When My Abusive Father Got Alzheimer’s, Spoon-Feeding Him Helped Me Forgive
I didn’t think I’d ever be able to face him without fear, but in his docile, vulnerable state, we forged a new dynamic.
Illustration by Marcellus Hall
I watch him pick up his burgundy cloth napkin, drape it over his spaghetti and meatballs, then fumble with his spoon before balancing it on top of the sealed Hoodsie cup. This isn’t unusual behavior for someone with Alzheimer’s. Still, I ask my 74-year-old father, “What are you doing?” He gives me a hollow stare, his blue eyes as dry as his memory. I unveil his plate, cut up a meatball, then scoop up a spoonful and hand him the spoon. He sets it back down on top of the Hoodsie. I pick up the spoon and offer it to him again, but he gives me that same hollow stare, and re-drapes the napkin over the plate. I feel compelled to feed him, but the aides here at the nursing home usually do that. Though I worked as a nurse for 20 years and fed lots of people, I don’t want to feed him. I consider my reluctance. Am I afraid of the final admission that the parent has become the child?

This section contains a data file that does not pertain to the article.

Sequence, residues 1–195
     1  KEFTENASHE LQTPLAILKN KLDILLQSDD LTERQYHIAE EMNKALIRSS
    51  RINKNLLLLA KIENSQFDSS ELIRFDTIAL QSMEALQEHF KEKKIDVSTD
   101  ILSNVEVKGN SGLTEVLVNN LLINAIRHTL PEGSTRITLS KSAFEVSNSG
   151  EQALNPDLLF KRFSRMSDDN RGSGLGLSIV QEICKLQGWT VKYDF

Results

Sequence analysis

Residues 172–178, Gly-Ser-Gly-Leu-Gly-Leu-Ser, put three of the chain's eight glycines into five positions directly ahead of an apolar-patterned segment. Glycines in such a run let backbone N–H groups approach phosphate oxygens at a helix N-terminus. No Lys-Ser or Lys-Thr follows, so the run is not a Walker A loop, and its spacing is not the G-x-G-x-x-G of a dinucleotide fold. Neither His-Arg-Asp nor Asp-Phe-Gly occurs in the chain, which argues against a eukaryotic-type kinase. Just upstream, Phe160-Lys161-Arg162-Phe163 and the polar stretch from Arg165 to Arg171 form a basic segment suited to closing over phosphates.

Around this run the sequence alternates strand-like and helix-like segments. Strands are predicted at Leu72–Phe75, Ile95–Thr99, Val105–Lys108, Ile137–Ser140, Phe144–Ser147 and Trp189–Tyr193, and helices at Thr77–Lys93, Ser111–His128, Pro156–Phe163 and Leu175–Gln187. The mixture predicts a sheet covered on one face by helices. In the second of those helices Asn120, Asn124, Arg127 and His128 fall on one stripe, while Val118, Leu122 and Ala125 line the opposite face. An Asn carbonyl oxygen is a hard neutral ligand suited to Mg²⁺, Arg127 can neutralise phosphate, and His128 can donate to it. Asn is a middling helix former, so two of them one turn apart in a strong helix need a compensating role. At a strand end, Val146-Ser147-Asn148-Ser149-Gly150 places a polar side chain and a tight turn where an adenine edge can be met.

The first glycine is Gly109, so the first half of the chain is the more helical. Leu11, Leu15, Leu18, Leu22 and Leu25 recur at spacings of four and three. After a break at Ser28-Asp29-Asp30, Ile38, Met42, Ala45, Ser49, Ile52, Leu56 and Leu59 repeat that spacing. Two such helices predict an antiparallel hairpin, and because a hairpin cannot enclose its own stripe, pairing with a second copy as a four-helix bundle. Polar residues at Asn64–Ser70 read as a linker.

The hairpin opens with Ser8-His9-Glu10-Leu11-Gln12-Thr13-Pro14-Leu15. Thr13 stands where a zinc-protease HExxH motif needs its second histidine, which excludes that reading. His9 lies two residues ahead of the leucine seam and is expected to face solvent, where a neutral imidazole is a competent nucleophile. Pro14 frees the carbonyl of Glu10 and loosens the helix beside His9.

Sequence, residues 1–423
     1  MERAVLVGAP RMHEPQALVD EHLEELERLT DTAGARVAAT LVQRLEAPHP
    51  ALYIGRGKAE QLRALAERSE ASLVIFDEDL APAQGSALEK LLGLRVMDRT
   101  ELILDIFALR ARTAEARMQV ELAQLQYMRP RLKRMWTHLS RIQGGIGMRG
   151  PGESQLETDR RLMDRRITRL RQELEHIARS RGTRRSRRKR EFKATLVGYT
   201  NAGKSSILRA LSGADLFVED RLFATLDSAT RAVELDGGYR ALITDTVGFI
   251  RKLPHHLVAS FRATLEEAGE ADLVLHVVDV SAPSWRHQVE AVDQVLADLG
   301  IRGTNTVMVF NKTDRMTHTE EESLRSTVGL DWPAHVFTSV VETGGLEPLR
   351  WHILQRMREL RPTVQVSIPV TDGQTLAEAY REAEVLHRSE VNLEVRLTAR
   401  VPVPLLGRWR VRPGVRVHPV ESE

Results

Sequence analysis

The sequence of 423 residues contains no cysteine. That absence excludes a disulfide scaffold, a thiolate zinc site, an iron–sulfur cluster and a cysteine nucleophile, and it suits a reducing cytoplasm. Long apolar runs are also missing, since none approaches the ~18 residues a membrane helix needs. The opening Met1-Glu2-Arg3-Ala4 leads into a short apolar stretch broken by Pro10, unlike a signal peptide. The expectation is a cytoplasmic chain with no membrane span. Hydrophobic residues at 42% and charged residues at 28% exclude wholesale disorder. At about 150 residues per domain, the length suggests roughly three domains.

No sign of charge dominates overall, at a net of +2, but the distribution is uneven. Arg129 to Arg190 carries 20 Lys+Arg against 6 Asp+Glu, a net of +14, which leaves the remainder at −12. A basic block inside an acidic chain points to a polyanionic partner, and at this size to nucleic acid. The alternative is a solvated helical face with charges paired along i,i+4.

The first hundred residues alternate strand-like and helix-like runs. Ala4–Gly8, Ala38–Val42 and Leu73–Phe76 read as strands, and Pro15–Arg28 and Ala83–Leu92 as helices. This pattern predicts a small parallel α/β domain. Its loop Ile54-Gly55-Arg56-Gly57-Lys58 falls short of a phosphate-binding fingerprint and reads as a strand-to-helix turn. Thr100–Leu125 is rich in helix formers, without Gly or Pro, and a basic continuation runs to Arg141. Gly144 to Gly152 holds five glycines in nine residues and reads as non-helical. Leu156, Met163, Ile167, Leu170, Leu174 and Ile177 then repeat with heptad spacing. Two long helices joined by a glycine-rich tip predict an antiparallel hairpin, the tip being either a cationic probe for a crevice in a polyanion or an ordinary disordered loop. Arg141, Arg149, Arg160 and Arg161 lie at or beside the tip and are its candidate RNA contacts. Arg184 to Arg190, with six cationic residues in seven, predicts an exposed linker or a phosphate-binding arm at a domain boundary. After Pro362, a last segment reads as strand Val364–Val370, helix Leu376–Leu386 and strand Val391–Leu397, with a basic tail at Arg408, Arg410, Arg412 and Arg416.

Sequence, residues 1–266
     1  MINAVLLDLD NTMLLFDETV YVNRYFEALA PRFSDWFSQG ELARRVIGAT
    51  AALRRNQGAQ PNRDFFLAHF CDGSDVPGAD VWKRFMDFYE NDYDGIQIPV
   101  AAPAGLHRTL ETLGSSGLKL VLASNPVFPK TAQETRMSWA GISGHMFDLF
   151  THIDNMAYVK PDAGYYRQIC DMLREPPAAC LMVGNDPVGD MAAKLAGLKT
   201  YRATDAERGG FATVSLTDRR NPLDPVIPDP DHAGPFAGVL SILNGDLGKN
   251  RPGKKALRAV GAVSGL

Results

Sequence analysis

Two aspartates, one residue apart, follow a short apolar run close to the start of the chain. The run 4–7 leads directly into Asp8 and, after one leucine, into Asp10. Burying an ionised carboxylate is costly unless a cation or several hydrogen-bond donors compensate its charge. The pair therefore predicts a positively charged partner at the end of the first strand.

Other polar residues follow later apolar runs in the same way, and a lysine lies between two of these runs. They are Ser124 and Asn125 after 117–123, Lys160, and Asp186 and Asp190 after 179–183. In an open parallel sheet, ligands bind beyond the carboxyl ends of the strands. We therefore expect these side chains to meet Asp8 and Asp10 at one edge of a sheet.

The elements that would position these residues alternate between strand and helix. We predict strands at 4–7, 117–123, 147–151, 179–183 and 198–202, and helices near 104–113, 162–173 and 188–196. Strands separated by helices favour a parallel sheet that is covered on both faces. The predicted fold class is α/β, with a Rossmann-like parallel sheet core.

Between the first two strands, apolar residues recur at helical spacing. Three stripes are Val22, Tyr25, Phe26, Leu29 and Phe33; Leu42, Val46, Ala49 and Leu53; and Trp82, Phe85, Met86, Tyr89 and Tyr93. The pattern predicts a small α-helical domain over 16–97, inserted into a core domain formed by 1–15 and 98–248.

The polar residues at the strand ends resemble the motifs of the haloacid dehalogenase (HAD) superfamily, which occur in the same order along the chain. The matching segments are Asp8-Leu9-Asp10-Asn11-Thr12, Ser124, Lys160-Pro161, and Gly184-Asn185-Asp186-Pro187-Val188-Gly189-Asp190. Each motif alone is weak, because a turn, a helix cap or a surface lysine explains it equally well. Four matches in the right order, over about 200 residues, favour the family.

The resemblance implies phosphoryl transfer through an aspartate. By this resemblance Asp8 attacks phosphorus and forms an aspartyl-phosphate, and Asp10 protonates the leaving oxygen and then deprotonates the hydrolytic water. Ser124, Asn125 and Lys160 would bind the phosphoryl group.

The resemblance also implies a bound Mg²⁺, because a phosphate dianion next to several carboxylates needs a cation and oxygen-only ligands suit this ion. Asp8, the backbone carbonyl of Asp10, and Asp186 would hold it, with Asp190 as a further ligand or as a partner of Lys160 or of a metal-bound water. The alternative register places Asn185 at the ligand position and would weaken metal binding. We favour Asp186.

The truth is, I’m terrified of feeding my father. Sitting in the naturally-lit dinin…
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